UNDP – Mauritius (2011-2012)

The Project

The United Nations Development Programme (UNDP) requested proposals for the Preparation of standard designs for low and middle-income housing, schools, and other building needs in Mauritius.

The Brief

The project "Removal of Barriers to Energy Efficiency and Energy Conservation in buildings in Mauritius" required development of Standard designs for low and middle-income housing (new and major renovations); and development of Standard designs for targeted non-residential building use (new and major renovations).

The overarching objective in the above endeavour is to implement Energy efficiency and incorporate to the extent possible use of renewable energy in the design of building construction taking into account the climate change dimension.

The Solution

Archineers worked with Sarah Wigglesworth Architects and local firm Pro-Design Engineering on this international award winning competition and project.

The Guidebooks include illustrative examples of design principles that can be adopted to promote energy efficiency and make the most of natural resources, for example; natural ventilation and daylighting. Through discussions and dialogue with the Mauritius client group and the project’s local partners, the design principles and approach embody leading international design and construction practice in the specific area of energy efficiency.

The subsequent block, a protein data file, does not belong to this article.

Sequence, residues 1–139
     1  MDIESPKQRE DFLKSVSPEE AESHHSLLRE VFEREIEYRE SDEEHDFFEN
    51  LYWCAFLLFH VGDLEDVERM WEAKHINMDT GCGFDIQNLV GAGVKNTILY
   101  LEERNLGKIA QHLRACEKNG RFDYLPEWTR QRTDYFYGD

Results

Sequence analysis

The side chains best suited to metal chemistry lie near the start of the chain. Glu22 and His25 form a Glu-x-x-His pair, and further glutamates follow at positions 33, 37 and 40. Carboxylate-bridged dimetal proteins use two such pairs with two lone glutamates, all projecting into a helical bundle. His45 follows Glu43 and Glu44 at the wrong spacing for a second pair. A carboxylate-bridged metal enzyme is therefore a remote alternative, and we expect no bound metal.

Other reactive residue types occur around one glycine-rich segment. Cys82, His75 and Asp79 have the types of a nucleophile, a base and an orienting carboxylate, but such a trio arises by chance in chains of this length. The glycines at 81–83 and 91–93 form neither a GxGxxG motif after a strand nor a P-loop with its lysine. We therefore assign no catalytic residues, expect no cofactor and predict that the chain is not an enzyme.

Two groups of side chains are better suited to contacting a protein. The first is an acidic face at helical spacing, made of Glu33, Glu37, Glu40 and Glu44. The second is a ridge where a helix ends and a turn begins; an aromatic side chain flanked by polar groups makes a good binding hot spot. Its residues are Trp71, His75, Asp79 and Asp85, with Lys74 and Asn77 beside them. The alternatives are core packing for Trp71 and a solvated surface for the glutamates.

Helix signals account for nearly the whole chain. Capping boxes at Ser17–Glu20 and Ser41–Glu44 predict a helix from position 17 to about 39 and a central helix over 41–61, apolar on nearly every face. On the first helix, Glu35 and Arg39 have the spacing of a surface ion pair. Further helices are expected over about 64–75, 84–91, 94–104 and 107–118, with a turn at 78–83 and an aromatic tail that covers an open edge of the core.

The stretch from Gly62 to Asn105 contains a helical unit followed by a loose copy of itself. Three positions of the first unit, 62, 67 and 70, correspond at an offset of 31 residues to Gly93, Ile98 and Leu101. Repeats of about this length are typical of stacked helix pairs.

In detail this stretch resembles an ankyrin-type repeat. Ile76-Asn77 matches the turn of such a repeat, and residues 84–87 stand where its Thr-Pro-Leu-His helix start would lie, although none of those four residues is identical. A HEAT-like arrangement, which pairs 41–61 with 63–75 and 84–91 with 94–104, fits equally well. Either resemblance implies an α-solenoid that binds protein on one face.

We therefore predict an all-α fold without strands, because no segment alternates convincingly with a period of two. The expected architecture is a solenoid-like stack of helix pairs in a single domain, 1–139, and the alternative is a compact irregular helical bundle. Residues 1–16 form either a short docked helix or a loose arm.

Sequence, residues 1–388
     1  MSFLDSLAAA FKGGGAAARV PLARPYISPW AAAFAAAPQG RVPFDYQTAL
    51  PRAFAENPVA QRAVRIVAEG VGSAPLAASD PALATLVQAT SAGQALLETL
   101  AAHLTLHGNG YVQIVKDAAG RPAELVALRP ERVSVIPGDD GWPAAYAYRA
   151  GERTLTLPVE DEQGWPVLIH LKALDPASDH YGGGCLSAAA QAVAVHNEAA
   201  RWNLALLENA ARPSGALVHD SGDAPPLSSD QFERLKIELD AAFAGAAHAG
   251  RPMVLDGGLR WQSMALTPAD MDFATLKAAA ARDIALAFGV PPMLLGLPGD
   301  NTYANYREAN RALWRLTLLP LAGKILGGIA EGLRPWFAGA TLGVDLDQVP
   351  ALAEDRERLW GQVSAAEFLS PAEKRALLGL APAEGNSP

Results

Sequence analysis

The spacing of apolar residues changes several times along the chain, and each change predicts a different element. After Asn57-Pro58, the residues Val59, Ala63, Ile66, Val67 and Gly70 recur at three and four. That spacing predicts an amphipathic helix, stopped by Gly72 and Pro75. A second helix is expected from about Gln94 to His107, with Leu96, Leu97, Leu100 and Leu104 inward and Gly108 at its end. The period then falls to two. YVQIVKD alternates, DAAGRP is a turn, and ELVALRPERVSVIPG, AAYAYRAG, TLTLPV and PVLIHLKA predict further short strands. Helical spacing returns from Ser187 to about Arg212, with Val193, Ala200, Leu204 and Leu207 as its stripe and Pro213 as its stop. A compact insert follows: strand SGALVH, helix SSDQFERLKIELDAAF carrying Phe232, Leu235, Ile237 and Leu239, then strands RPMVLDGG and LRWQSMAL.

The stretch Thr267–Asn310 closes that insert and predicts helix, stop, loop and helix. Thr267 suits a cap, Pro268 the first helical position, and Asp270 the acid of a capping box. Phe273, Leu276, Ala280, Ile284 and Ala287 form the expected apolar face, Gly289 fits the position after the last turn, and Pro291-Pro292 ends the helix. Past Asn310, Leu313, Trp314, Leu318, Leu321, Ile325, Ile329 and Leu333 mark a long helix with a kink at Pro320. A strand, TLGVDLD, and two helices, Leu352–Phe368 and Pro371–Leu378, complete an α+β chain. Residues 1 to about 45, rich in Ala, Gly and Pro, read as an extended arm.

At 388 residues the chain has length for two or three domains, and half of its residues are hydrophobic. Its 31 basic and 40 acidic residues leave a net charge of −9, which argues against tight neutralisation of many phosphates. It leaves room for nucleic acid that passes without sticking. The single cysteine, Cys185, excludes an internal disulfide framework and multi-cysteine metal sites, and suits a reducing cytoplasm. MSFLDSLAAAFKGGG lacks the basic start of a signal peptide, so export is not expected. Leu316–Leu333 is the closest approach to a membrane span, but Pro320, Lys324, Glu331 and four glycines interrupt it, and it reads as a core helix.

The purpose of the Guidebooks is to define a clear approach that should be followed to deliver buildings that are energy efficient in Mauritius. The Guidebooks explain the key principles behind low energy design that are applicable to all buildings, seeking out methods that protect the dwellings from excessive overheating associated with the solar gains, whilst capturing the prevailing Trade winds to drive natural ventilation to cool the buildings.

Following the logic behind the project, the guidance contained here takes as its starting point the reduction of energy consumption that will enable residential buildings to operate without the need for mechanical systems such as heating, ventilation and air conditioning. The designs are intended to provide comfortable, secure and private accommodation whilst operating in passive mode as much as possible, where no electrical powered, complex building systems are required – saving both operational and capital cost.

Credits

Sarah Wigglesworth Architects (www.swarch.co.uk)

Pro-Design Engineering (www.prodesign.mu)

The United Nations Development Programme (www.undp.org)